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The London Institute for Contemporary Christianity

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Resurrection life | Creating life

So God created mankind in his own image, in the image of God he created them; male and female he created them. God blessed them and said to them, ‘Be fruitful and increase in number; fill the earth and subdue it. Rule over the fish in the sea and the birds in the sky and over every living creature that moves on the ground.’ 

Genesis 1:26–28


If there is a natural body, there is also a spiritual body. So it is written: ‘The first man Adam became a living being’; the last Adam, a life-giving spirit. The spiritual did not come first, but the natural, and after that the spiritual. The first man was of the dust of the earth; the second man is of heaven. As was the earthly man, so are those who are of the earth; and as is the heavenly man, so also are those who are of heaven. And just as we have borne the image of the earthly man, so shall we bear the image of the heavenly man … Therefore, my dear brothers and sisters, stand firm. Let nothing move you. Always give yourselves fully to the work of the Lord, because you know that your labour in the Lord is not in vain. 

1 Corinthians 15:45–49, 58 



So far in this series, we’ve looked at the link Paul makes between Christ’s resurrection and the renewal of our identity as the image of God. In particular, we have focused on two key blessings conferred on God’s image in Genesis: an intimate relationship with God’s presence, and a commission to rule with God’s sovereignty.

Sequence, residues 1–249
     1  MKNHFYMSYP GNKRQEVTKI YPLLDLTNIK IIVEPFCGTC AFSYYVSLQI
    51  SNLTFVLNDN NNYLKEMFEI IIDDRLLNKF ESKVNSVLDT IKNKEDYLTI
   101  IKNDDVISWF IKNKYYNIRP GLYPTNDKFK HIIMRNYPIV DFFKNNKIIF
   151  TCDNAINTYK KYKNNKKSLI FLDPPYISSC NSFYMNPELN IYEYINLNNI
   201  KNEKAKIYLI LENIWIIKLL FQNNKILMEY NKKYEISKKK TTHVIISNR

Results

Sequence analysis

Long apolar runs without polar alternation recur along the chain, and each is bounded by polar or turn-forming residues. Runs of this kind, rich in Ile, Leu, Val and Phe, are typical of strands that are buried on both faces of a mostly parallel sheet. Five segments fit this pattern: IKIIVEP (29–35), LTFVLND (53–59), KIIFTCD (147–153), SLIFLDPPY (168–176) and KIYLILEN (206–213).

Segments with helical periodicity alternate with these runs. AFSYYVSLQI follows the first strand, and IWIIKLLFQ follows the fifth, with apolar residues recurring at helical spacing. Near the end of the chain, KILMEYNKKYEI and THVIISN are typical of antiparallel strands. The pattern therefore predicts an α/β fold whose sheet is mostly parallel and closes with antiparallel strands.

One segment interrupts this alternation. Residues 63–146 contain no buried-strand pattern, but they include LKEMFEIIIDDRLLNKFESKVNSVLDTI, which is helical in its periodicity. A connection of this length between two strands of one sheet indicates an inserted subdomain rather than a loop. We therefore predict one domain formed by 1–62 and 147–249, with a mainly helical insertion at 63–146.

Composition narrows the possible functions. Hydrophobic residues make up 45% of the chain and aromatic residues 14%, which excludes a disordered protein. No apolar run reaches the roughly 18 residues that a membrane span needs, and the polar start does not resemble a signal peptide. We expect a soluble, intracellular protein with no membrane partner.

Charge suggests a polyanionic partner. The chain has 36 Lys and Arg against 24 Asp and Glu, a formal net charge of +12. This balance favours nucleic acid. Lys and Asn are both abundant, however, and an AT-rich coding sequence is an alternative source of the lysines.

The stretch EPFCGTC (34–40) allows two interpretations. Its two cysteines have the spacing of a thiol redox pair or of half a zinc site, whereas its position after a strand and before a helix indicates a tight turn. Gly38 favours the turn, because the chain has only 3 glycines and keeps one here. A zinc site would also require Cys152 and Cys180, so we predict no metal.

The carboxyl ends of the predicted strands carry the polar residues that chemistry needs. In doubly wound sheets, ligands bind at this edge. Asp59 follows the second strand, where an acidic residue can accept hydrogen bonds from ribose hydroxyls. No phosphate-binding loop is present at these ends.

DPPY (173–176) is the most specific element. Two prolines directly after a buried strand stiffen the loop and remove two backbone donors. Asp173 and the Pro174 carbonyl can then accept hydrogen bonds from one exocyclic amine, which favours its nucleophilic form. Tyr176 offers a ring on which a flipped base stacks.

These blessings are signposts to our identity and calling, but they also come with an expectation that they will be multiplied throughout the earth, as humanity is blessed to be fruitful and to create life. In Genesis 1 this life is characterised in terms of reproduction. However, we only need to turn the page and find humanity’s commission to work and protect the garden (Genesis 2:15) to see that this aspect of resurrection life relates just as much to the life we create in our care for the world and our work for the kingdom of God.  

Throughout the Old Testament, this commission to create life was envisaged as living holy lives, extending hospitality to outsiders and God’s justice to those in need. Isaiah’s vision of salvation expanded this further to include being ‘a light for the Gentiles’ and ‘to open eyes that are blind, to free captives from prison, and to release from the dungeon those who sit in darkness’ (Isaiah 42:6–7). This, of course, was a participation in the saving work of the Messiah to come, prophesied in Isaiah 61:1–3 and fulfilled by Jesus at the start of his own ministry (Luke 4:18–21). 

Jesus’ life modelled daily what it means to create life as God’s renewed image, and Paul saw that Christ’s death and resurrection had ushered in the renewal of the image of God, as the church filled with the Spirit. This was at once the completion of God’s creation and the beginning of something entirely new. 

For all the theological implications Paul unpacks, it’s striking that the point he builds to is so practical: ‘Always give yourself fully to the work of the Lord’. 

This is what it means to be God’s image in the world: ministering his love and power in daily acts of faithfulness. As we’ve seen, this may be expressed by sharing the gospel, showing love to others, praying for healing, standing up for justice, caring for the environment, or cultivating communities of faith. This is the heart of resurrection life. 


Dr Freddy Hedley

Dean of Studies, WTC Theology 

What daily act of faithfulness will you do this week? 


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